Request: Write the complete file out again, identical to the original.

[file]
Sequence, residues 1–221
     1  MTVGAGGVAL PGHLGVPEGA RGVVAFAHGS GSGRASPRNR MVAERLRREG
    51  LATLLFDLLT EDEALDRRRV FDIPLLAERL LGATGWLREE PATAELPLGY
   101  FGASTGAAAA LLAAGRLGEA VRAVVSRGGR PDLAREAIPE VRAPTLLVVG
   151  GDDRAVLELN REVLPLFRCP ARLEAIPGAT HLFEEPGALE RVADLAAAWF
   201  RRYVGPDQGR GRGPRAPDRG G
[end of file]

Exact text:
Sequence, residues 1–221
     1  MTVGAGGVAL PGHLGVPEGA RGVVAFAHGS GSGRASPRNR MVAERLRREG
    51  LATLLFDLLT EDEALDRRRV FDIPLLAERL LGATGWLREE PATAELPLGY
   101  FGASTGAAAA LLAAGRLGEA VRAVVSRGGR PDLAREAIPE VRAPTLLVVG
   151  GDDRAVLELN REVLPLFRCP ARLEAIPGAT HLFEEPGALE RVADLAAAWF
   201  RRYVGPDQGR GRGPRAPDRG G